A Mile-by-Mile Look at the New York City Marathon

Miles 3-15: Patience Through Brooklyn

Your goal for miles 3 through 15 should be conserving energy and hitting the 59th Street Bridge feeling energized and strong.

You should plan on being about 5 to 10 seconds per mile slower than goal pace through this section. If you run conservatively, you'll easily make this time up on the second half.

As soon as you enter Brooklyn coming off the Verazano Bridge, the crowds are going to be boisterous and the adrenaline is going to surge. Because you're tapered, marathon pace will feel super easy.

The number one mistake runners make is getting caught up in the emotion here and running faster than goal pace. Block out the crowds and focus on your internal pacing and your own race.

The best strategy is to feel that the pace is too slow through Brooklyn and holding back until coming down the other side of the bridge just past half marathon.

Your overall cumulative pace should be about 60 to 90 seconds off cumulative goal pace at 15 miles.

It is important on the uphill section of the bridges, particularly the Pulaski and the 59th Street Bridge, to think about maintaining a consistent effort but not to attempt to maintain the same pace. Let the pace slow a bit, but not the effort. Keep it the same.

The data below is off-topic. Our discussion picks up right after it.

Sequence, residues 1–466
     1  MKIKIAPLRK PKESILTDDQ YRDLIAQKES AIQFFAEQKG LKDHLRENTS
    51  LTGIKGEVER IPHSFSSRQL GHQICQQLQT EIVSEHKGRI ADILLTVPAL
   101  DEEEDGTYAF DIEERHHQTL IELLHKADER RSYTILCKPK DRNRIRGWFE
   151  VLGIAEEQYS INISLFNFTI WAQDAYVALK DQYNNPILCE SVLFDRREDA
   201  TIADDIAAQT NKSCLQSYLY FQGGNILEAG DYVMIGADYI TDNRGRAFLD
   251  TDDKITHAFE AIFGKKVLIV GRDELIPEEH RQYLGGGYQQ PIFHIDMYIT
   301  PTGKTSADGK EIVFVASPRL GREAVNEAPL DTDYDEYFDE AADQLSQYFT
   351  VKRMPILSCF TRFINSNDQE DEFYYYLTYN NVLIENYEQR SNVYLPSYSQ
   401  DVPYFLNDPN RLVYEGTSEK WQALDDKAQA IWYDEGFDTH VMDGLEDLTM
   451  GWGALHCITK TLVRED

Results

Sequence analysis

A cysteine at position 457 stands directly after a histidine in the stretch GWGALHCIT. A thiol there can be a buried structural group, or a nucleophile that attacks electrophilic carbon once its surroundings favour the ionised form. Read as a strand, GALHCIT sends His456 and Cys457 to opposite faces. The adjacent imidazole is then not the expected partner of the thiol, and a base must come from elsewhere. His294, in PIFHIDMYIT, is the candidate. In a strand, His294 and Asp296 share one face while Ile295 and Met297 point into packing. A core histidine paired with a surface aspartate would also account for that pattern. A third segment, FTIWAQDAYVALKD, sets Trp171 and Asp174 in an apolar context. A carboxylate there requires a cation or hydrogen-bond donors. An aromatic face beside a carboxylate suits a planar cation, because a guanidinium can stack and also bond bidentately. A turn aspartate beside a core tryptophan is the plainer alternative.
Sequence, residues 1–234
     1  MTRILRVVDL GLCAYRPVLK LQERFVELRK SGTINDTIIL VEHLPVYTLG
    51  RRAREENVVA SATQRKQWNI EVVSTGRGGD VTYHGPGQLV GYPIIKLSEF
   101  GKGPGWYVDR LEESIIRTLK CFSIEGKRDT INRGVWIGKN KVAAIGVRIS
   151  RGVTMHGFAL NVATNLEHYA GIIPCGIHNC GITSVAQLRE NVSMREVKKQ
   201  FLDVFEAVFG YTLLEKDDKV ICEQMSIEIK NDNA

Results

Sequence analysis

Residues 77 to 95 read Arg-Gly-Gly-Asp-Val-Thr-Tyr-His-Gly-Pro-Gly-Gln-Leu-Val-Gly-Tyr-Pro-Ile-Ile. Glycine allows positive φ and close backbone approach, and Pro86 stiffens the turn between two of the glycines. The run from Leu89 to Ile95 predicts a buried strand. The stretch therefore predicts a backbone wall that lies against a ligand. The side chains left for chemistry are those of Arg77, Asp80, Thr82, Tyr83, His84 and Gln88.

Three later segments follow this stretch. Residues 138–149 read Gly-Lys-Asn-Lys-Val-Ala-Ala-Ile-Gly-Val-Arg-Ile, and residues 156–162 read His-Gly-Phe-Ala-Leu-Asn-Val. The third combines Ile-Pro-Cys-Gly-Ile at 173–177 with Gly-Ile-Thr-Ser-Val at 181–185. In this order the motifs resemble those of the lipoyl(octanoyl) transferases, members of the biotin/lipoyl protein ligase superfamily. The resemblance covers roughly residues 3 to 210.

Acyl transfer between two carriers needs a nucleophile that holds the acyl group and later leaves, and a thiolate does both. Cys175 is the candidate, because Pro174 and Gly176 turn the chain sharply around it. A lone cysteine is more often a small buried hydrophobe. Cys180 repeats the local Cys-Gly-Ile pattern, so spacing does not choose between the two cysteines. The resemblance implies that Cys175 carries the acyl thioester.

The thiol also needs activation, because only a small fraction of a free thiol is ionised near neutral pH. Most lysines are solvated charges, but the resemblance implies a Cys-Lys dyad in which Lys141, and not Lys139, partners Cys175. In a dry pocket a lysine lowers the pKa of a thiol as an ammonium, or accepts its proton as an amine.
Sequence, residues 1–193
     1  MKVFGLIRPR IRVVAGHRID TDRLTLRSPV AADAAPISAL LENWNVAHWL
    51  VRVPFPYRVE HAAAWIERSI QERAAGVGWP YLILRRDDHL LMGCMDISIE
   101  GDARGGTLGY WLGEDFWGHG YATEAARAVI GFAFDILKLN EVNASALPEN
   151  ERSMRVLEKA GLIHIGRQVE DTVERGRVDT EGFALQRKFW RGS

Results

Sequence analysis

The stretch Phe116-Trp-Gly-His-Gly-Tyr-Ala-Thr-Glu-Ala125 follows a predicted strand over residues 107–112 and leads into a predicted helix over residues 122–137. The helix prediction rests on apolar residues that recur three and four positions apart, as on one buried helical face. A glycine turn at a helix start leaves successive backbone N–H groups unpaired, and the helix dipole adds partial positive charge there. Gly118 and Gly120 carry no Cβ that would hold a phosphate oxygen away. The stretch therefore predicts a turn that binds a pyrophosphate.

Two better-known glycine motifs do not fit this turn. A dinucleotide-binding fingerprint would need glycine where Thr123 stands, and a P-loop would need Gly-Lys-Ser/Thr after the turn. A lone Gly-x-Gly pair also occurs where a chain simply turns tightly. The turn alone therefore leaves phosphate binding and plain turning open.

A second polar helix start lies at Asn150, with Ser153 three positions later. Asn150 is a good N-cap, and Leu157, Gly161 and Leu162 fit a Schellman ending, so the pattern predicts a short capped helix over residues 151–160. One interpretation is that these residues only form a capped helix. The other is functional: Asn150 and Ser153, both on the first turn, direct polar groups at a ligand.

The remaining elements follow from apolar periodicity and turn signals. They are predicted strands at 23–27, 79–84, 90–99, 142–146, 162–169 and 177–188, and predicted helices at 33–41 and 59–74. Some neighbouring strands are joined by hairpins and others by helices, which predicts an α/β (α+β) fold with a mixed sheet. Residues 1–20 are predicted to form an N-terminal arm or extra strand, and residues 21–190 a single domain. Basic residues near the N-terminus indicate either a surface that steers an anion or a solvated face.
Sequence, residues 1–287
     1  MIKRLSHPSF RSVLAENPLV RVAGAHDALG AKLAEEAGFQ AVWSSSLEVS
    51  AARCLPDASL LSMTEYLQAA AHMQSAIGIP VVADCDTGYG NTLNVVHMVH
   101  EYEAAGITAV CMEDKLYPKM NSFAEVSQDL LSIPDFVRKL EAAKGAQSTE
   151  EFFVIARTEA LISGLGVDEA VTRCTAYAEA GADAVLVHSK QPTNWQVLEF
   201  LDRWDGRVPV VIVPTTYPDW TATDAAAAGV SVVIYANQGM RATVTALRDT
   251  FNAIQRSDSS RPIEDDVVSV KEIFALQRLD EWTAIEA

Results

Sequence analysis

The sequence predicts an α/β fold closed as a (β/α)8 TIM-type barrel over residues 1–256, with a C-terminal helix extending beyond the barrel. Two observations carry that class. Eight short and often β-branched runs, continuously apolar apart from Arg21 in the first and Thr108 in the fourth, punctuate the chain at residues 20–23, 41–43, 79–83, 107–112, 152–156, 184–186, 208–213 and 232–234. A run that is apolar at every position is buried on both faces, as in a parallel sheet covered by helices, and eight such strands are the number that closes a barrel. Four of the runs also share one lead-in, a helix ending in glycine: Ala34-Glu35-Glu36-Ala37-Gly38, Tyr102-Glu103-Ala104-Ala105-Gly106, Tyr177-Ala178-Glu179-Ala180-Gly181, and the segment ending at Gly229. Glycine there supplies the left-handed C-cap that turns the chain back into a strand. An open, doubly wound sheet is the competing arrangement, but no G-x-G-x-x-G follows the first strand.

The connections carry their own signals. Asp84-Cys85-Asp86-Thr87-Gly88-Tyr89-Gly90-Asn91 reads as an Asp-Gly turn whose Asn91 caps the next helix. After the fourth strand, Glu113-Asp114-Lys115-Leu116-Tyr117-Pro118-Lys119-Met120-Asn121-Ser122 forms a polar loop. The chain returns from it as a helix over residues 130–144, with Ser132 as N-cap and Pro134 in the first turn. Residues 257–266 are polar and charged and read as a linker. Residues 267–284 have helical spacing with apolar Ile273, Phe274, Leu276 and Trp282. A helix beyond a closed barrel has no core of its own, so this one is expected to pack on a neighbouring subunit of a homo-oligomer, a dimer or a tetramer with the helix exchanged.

More: 10 Best Running Cities in the U.S.

Miles 16-20: First Avenue

Coming off the Queensboro Bridge and onto First Avenue is perhaps the most thrilling experience in marathoning. The crowds are huge and it feels like you're running through a wall of sound. In addition, the entire run down First Avenue is downhill.

You should use these miles to get back a small bit of time you lost on the bridges and the slow start. However, don't go crazy. You don't want to be more than 10 to 15 seconds per mile faster than goal pace on this section.

First Avenue is not a license to speed. Cautiously pick up the pace and let the downhill do most of the work for you. Many marathoners run this section too fast and burn through their glycogen before the final 10K.

Remember, the marathon begins at 20 miles and you're not there yet!

Overall, plan to make up about 40 to 60 seconds during these 3.5 miles on First Avenue.

If you've followed the plan fairly closely so far, you should be right on pace or 30 seconds slow by mile 20. If you're a little slow, that's ok—it's better than being a minute or two fast. Being slow will just give you more energy on the final hills.

More: How to Deal With Marathon Race-Day Problems

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